Friday, June 1, 2012

Tips to Edit Your Own Work

We all live in edit hell! Even if you claim you love it, you know you don't (shaking finger at you)! Unfortunately, editing skills separates a mediocre writer from a great writer in the self-publishing world. (Little secret: even traditionally published writers have to have extensive editing from their editors. NO ONE turns in a perfect book.)

I have never claimed to be a perfect writer. FAR FROM IT!! Over the past few years I have learned a few tips that help me self edit my books before I get them to my editor. I have to have an editor. It's only good business practice, but here are some ideas to help you along the way.

1. Just write!

Don't edit while you are writing. Get the words on the page and let your creative juices flow. If you worry about editing, you are going to get stumped and not get in your word count or ideas down.

If there is a blatant typo, yes change it. Don't go back and fix grammar, punctuation, etc....

2. Step away.

After you finish your novel, it's a good idea to step away for a couple days and let your mind have some down time.  Use this time to read. Writers should read, read, read, and this would be a great time for that. Let your mind escape from your characters.

After a couple days go back and read your novel. You will be able to look at it with fresh eyes and catch some of those simple mistakes. Plus stepping away will give you fresh ideas and see plot holes. This is a good time to help layer your story-line.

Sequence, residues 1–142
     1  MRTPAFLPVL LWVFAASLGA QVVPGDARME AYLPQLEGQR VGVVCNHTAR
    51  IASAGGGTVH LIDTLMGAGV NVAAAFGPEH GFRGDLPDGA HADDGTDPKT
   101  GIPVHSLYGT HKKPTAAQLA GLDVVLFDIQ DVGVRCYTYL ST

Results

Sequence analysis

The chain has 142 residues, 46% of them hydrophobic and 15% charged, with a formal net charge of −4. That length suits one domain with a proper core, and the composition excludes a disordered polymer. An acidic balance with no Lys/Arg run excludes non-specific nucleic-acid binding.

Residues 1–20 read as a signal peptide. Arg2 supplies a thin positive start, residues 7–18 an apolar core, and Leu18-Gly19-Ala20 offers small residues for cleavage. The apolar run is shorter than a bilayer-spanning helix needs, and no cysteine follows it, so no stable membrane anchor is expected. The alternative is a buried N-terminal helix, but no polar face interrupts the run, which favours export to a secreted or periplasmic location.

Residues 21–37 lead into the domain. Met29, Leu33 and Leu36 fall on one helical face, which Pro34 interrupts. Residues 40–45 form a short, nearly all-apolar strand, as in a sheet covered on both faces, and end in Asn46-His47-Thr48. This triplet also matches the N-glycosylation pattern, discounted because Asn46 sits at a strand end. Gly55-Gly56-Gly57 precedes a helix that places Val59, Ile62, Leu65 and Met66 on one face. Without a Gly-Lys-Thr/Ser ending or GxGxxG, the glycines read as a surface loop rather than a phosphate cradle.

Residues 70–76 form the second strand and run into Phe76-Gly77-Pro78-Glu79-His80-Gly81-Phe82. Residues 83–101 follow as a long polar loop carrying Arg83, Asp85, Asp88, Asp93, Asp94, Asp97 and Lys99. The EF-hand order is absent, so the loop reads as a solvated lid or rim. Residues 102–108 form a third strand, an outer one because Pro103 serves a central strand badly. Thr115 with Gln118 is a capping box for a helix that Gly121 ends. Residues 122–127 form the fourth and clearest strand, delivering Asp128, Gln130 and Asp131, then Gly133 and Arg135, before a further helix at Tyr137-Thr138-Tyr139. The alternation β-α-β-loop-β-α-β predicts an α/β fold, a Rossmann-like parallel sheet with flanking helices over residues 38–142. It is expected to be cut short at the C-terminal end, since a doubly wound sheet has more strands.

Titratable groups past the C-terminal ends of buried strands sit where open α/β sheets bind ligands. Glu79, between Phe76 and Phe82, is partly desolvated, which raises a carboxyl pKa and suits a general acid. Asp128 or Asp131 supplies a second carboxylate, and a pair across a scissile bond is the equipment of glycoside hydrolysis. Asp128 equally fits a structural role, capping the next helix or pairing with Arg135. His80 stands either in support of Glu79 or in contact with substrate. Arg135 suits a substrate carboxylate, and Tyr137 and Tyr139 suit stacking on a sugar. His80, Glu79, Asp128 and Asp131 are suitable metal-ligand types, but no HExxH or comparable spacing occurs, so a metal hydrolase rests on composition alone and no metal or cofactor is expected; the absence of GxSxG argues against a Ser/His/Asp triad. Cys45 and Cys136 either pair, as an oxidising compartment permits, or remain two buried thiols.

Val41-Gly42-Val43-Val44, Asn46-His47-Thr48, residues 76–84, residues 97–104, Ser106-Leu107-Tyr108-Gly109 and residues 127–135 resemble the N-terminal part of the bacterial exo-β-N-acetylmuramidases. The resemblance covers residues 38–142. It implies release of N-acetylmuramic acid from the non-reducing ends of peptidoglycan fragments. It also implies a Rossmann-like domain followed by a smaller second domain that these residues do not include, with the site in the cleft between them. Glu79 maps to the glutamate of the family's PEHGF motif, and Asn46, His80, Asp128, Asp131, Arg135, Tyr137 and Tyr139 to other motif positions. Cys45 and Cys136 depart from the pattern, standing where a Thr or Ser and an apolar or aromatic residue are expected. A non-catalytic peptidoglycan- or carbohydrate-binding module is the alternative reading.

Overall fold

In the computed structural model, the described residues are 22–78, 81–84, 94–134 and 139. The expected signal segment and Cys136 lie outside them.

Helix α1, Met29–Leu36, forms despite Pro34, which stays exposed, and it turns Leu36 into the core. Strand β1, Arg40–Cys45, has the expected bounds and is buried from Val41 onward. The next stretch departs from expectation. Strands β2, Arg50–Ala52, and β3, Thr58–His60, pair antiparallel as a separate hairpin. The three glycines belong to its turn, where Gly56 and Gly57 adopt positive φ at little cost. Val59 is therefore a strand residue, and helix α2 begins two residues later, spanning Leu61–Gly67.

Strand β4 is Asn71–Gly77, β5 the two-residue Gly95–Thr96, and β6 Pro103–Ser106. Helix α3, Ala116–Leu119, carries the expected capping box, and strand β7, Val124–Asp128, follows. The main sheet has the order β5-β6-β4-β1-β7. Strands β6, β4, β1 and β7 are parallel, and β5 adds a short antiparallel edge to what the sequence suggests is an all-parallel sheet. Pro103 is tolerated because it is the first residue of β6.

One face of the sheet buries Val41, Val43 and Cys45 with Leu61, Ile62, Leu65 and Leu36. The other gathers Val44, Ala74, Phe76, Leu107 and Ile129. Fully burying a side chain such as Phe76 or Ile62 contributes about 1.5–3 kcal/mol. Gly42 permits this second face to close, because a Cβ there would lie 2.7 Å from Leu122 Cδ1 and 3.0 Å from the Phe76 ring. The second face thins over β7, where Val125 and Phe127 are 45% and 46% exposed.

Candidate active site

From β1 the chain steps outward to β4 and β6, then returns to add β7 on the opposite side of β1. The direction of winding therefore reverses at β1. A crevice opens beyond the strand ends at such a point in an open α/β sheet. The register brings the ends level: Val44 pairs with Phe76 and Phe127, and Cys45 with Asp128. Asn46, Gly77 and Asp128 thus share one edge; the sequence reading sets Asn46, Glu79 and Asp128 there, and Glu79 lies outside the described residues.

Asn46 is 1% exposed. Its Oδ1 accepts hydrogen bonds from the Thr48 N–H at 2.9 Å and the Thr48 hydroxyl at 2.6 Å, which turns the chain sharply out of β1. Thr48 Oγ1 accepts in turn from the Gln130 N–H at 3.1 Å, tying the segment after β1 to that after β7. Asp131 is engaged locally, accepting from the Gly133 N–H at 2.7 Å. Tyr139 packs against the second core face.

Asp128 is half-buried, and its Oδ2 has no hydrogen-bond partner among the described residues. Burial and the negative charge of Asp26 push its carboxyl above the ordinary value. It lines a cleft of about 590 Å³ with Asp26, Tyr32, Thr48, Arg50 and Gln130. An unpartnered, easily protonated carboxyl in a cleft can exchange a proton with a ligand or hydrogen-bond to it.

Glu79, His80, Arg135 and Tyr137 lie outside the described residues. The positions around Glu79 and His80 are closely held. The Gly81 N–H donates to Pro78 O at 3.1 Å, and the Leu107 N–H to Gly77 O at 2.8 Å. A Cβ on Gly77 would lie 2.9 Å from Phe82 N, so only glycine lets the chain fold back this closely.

3. Kindle it!

I use the word Kindle as the universal reader but I also mean any ereading device, this includes your phone or your PC. I always send my novel to the ereader before I send it to my editor and before I publish it, I send it to my ereader.

It's easier to spot mistakes on a different device. Plus I want to see exactly what it will look like when my readers will buy my book. More times than not I catch too short/long paragraphs for an ereader or formatting mistakes that need to be fix.

4. Cut Unnecessary words!

I use a lot of but, exclamation points, and goofy words on my blog. It's a place for me to just write and help authors. I really should take the time to write the blog, edit it and take my own advice. BUT this is where I get my words out and let my creative juices flow and I don't cut out the unnecessary words.

Don't do this with your manuscript! Cut out the repeating words, phrases, unnecessary adjectives (Lisa spoke loudly....Lisa screamed).

5. Use spell check!!

Spell check doesn't always catch the true editing issues, but it doesn't hurt to run it a couple times before you send it to your editor or before you publish. It's another set of eyes to get you to look at some issues that you might not have caught before hand. Missing words and homophones are not found using spell check, but it will help with the general, easy mistakes that easy for your eyes to miss.

6. Read your story out loud.